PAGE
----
13

In the MCU it is shown lines of men enlisting in 1940, including Bucky. Why was this when the US didn't join the conflict until December 1941?

  • 14
    people enlist in the Army all the time. Being drafted doesn't usually start until after we go to war. – KutuluMike Sep 15 '15 at 23:30
  • 5
    The US was heavily involved as a "neutral" already. They had lent millions in shipping to Great Britain and other allies. Also while Pearl Harbor was a very dramatic catalyst, most historians and people you ask from the era agree that the US would of eventually joined the war anyways at the very least because of the threat to their shipping on the seas that German U-boats presented. – Ryan Sep 15 '15 at 23:34
  • 3
    It's possible that it's a reference to the fact that in the comics, Captain America was created and fought before America joined the war in the real world. – Rogue Jedi Sep 15 '15 at 23:41
  • 2
    The US started its draft in peacetime in 1940. Cap just enlisted at that time. – Oldcat Sep 17 '15 at 0:02
24

I assume you know all this, but just for completeness, World War II started in 1939, and most of Europe had been preparing for something to happen for years before that (since it became clear that appeasing Hitler was a failed strategy).

The US officially did not join the war until after the attack on Pearl Harbor, but literally no one believed we were going to stay out of it. Even the official neutral position of the US government was crafted to allow us to aid the Allies in non-military ways (mostly by selling goods to them). Popular opinion in the States was that we were on the "side" of the Allies, and lots of people were looking forward to going out and beating up Hitler. Remember, at this point, war was still a mostly-popular occurrence for the US, as we'd just recently come off WWI and hadn't lived through Vietnam yet.

By 1940, the US had started ramping up its military presence, especially the navy (one main reason Japan attacked us was because it was pretty obvious to everyone that we were going to get sucked into the war sooner or later, and they wanted to get the first hit in) but also the army. The draft also officially started around this time, so even people who may not have been gung-ho about joining the army were getting drafted anyway.

Once the call for enlistment went out, people lined up to join the Army, for any number of reasons: some believed it was the right thing to do, some wanted to be heroes like their fathers and grandfathers, some just wanted the guaranteed pay and education the military promised.

But in general, it would have been perfectly natural for someone like Steve Rogers to try to enlist even before we actually went to war.

  • Especially the juxtaposition of a "pip-squeek" joining a "man's" war! Steve would have wanted to prove his worth to his country. – Möoz Sep 15 '15 at 23:58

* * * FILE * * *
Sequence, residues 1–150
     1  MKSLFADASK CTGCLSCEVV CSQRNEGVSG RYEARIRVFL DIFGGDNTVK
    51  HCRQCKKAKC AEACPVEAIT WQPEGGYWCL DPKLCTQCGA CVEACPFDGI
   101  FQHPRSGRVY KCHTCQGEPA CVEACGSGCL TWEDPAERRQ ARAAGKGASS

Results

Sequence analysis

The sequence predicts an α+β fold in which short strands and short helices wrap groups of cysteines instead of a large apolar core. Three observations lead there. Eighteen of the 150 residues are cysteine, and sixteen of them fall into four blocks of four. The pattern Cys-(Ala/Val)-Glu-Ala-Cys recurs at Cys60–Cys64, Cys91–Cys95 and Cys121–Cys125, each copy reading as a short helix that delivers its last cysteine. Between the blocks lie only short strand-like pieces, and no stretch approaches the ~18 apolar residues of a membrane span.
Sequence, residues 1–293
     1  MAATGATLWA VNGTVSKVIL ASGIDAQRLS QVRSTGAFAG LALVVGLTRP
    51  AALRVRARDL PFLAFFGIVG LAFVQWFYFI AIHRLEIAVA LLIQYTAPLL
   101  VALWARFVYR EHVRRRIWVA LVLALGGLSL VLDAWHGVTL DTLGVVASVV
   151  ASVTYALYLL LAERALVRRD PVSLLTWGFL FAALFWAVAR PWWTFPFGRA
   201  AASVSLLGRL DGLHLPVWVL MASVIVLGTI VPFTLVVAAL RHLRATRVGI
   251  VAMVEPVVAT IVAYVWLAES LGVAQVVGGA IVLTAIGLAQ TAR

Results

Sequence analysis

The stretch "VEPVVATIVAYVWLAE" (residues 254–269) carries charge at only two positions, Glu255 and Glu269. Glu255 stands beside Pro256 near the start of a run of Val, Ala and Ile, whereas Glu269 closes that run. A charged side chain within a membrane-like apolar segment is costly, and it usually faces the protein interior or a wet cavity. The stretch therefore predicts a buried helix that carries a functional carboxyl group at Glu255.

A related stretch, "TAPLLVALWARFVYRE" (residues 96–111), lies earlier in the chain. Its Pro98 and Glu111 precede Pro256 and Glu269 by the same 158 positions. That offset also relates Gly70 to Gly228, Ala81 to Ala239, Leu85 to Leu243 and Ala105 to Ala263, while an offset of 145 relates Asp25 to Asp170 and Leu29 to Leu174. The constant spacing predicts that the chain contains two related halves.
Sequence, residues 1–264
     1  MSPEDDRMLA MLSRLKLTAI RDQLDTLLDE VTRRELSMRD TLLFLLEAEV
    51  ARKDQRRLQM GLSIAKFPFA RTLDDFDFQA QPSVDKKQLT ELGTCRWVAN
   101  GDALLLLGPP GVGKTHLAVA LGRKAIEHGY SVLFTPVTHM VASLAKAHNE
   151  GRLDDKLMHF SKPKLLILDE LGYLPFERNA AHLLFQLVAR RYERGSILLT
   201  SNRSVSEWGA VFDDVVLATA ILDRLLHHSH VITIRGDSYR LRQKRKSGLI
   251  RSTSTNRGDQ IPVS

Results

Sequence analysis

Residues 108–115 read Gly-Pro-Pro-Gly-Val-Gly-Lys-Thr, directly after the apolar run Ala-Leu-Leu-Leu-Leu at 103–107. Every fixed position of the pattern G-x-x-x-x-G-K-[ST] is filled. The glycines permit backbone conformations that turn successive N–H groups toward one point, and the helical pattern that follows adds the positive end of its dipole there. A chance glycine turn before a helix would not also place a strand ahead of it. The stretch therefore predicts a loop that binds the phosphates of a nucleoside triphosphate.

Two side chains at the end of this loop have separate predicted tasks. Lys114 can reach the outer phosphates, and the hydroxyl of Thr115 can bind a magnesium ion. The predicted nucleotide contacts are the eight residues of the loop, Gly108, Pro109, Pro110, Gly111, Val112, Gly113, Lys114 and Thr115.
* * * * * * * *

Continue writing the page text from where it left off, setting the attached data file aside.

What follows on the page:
• 3
    It is more accurate to say that America's neutrality enabled it to sell to both sides. It joined after the Battle of Britain only once it was clear which way the wind was blowing. – Gaius Sep 16 '15 at 7:21
  • We had an embargo on Japan, and the English kept us from selling to Germany. – Oldcat Sep 17 '15 at 0:03
5

Some reasons I found why he would enlist before the war:

As from Marvel Wikia - Cinematic: Before Rogers was born, his father Joseph was confirmed to be Killed in Action in World War I. In 1940, Rogers, now nearly 22, discovered his mother died of tuberculosis. This points out to the fact he is all alone by now.

Also: Rogers and Barnes learned during an art class that the United States of America entered World War II. Rogers wanted to join the United States Army to fight in Europe against the Nazis, so Bucky trained him for two weeks at Goldie's Boxing Gym. Soon Bucky and Steve went to a US Recruiting and Induction Center in New York City where Steve was classified as 4F and rejected from service, but Bucky later enlisted in the Army.

While watching the Series Band Of Brothers, I noticed the following statement.

Richard Winters: These men have been through the toughest training the Army has to offer,
                 under the worst possible circumstances, and they volunteered for it.
'Buck' Compton: Christ, Dick, I was just shooting craps with them.
Richard Winters: You know why they volunteered? Because they knew that the man in the
                 foxhole next to them would be the best, 
                 not some draftee who's going to get them killed.

Also, IRL America just went through the 'Recession of 1937–1938', part of the Great Depression. This meant no jobs or income. Better the reason to enlist.

Your Answer

By clicking “Post Your Answer”, you agree to our terms of service, privacy policy and cookie policy

Not the answer you're looking for? Browse other questions tagged or ask your own question.